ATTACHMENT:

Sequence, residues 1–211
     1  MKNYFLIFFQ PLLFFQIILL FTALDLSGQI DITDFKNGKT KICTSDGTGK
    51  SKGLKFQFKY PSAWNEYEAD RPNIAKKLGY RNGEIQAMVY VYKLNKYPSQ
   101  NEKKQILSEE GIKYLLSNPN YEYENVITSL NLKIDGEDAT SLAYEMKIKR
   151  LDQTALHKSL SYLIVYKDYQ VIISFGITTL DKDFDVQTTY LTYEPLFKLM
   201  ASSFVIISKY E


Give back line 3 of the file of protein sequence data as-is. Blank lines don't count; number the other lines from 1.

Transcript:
    51  SKGLKFQFKY PSAWNEYEAD RPNIAKKLGY RNGEIQAMVY VYKLNKYPSQ